Premier Mikuláš Dzurinda survived a parliamentary vote of no-confidence on Thursday 13 April, but the episode has left the Government coalition looking more divded than ever. The vote was sponsored by the opposition Movement for a Democratic Slovakia (HZDS) and the Slovak National Party (SNS). They cited the government’s failure to live up to its eletoral promises and poor handling of the economy, which has resulted in growing unemployment and the fall in value of the Slovak Crown. The no-confidence motion was supported by 60 deputies out of the 141 present, 72 were opposed and nine abstained.
Those abstaining were all members of the Party of the Democratic Left (SDĽ), which is part of the government coalition. It was reported that five SDĽ deputies actually voted against Dzurinda’s leadership. They included Parliamentary Speaker Jozef Migaš, who is also chairman of the SDĽ, and had announced earlier that he would vote in favour of the no-confidence motion. The SDĽ leader said he wanted to see the "reconstruction" of the government, while the coalition remained intact. He said the new government would have to ensure better communication with the opposition. Premier Dzurinda described Migaš’ announcement as a bolt from the blue. The government coalition has been wracked by disagreements between the constituent parties in recent months, culminating in the sacking of SDĽ nominee Štefan Košovan from the post of Director of the Slovenské Elektrarne power utility. The SDĽ’s public support in opinion polls has also plummeted.
The HZDS Chairman and former Premier, Vladimír Mečiar, seem to be relishing the role of pantomime villain. He took part in the manoeuvring prior to the no-confidence vote from self-imposed house arrest at his family-owned boarding-house in the western Slovak Spa town of Trenčianske Teplice. Mečiar is currently attempting to avoid questioning by investigators looking into the abduction of Michal Kováč Jr, the son of the former Slovak President, in 1995. Before the vote, Mečiar stated that he was prepared to support a new government composed of the present coalition, but without Premier Dzurinda at the helm. As the sharks circled, Dzurinda lashed out at Mečiar, saying, "I absolutley don’t care what Mečiar says, he is not a trustworthy politician." Mečiar maintains that he has not been hiding out from the police for the past three weeks. In a flurry of interviews with foreign media, the ex-Premier claimed he was merely taking time out to complete his memoirs.
Spanish Premier Jose Maria Aznar expressed his country’s backing for Slovak membership of the EU, NATO and the OECD, during a two-day visit to Slovakia. He praised the apparent progress that Slovakia has made during the 18 months of the Dzurinda administration. Premier Dzurinda said that Spain's success in catching-up with the most advanced EU countries was a "big inspiration" for him. The premiers have now met three times. Dzurinda reffirmed his commitment to lead the country into the EU in 2004 alongside the "first wave" countries, including neighbours the Czech Republic, Hungary and Poland. Aznar also met President Schuster and Parliamentary Speaker Jozef Migaš.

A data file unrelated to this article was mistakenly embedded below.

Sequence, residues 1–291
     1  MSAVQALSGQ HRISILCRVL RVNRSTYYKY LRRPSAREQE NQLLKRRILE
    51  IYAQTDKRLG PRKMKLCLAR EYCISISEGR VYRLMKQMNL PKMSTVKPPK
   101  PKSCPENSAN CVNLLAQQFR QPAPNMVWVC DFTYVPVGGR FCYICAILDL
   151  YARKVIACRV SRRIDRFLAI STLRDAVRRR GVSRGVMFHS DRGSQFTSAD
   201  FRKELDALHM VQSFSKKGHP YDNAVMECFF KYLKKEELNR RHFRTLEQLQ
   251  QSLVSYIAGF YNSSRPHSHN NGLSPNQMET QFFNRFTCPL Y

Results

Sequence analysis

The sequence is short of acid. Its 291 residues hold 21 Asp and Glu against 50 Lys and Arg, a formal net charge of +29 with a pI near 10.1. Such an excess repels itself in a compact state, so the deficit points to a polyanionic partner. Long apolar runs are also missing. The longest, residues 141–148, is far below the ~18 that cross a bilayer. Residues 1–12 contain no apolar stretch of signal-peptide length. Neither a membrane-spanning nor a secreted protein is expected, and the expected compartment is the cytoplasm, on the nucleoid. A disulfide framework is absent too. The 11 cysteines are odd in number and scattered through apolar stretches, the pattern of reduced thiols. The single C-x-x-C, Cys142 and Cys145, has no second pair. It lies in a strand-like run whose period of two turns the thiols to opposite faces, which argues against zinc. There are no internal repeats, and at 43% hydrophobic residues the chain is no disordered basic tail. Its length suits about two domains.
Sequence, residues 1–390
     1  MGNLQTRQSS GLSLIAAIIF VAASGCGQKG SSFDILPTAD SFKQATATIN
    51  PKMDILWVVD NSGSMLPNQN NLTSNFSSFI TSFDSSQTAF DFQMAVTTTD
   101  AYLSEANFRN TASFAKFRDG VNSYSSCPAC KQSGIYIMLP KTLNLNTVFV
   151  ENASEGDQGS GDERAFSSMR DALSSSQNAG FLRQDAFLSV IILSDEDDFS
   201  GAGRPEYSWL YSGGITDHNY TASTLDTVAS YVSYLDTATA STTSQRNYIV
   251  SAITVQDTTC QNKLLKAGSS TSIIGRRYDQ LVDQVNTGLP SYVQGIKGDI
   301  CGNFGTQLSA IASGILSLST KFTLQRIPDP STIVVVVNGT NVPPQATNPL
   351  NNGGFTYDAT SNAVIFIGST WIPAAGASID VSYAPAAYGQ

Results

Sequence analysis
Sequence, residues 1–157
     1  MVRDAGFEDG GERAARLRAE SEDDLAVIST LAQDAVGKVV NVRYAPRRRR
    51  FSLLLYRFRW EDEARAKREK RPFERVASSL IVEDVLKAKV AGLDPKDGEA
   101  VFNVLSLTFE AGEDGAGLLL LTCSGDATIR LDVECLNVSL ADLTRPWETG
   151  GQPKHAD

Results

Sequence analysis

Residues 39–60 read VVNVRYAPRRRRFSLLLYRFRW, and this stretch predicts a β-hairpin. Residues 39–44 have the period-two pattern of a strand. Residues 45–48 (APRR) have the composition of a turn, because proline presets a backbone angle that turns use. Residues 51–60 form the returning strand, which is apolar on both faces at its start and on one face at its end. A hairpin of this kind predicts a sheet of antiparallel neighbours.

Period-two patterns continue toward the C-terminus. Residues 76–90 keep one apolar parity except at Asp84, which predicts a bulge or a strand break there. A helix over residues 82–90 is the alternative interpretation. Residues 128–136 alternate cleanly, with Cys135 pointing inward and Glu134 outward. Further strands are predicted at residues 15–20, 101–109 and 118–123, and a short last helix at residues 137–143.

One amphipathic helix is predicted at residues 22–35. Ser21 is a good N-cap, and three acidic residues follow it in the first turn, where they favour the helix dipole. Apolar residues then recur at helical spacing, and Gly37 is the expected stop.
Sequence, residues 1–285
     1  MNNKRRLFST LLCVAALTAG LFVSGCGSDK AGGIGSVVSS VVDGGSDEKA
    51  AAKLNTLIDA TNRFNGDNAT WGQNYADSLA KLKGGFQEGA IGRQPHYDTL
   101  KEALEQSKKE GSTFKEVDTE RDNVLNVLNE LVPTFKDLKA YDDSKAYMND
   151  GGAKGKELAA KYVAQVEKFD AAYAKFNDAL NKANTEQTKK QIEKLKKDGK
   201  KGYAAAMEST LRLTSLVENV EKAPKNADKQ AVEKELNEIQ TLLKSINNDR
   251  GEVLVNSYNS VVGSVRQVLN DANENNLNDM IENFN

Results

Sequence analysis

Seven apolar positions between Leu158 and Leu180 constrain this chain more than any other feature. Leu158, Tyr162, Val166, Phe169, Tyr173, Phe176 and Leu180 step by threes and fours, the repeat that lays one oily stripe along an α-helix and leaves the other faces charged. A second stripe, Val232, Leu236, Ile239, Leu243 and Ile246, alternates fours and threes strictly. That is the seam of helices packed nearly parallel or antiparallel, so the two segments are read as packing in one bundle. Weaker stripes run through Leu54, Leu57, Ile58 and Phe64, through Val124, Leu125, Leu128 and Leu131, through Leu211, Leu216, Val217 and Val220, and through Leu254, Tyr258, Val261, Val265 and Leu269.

The Justice Minister, Ján Čarnogurský, has officially removed Róbert Fico from his position as the Slovak envoy to the European Court of Human Rights in Strasbourg (see last week's Slovak news review). Čarnogurský said that Fico did not meet several of the criteria required for the post and had been unprofessional in his handling of former HZDS deputy František Gaulieder, who was relieved of his seat in Parliament by the prevous government. Fico, a former SDĽ deputy, founded his own political party, Smer, last year and recently topped a poularity poll as the most popular politician in Slovakia. He described the reasons given for his dismissal as "made up."
Details are gradually beginning to emerge of the deal brokered between US Steel and the Eastern Slovak Ironworks (VSŽ)last month. The TASR news agency reported that the deal will result in the formation of a new company, to which unspecified VSŽ assets and liabilities will be transferred. US Steel will own 100 percent of the company, for which it will pay USD 60 million, and bind itself to invest USD 700 million in Slovakia over the next ten years. A number of shareholders in VSŽ have called for a special general meeting to be held. They want more details about the agreement and are said to be unhappy about the arrangements for keeping shareholders informed.
A two week exercise by the US Airforce has been held at the airbase at Kuchyna, near Bratislava. Around 10,000 visitors attended an open day at the base on 8 April, to see the 12 US F-16 fighters, along with SU-25s and Mig-21s of the Slovak airforce. Later in the week, an international military air exercise involving 13 countries from NATO and the Partnership for Peace began in Zvolen. The latest opinion poll on Slovak membership in NATO shows support rising to just above the 50 percent level. The survey, by the Markant agency, showed 51.2 percent in favour of membership, 38.7 percent opposed and 10.1 percent undecided.
Slovak citizens may not be flavour of the month in Belgium, which recently introduced a visa requirement for Slovaks, but they could find a warmer welcome a little farther to the West. On a two-day visit to Slovakia last week, Irish Foreign Minister Brian Cowen expressed an interest in using Slovak workers to fill jobs in Ireland's booming high-tech economy. Cowen said his country was even considering exempting Slovak workers coming to Ireland from visa requirements. He expressed his support for Slovakia's moves to join the EU sooner, rather than later. Unemployment in Slovakia currently stands at around 20 percent.
Robin Sheeran, 14 April 2000
Useful links for Slovak news:
TASR (Press Agency of the Slovak Republic)
SITA (Slovak News Agency)
ČTK (Czech News Agency)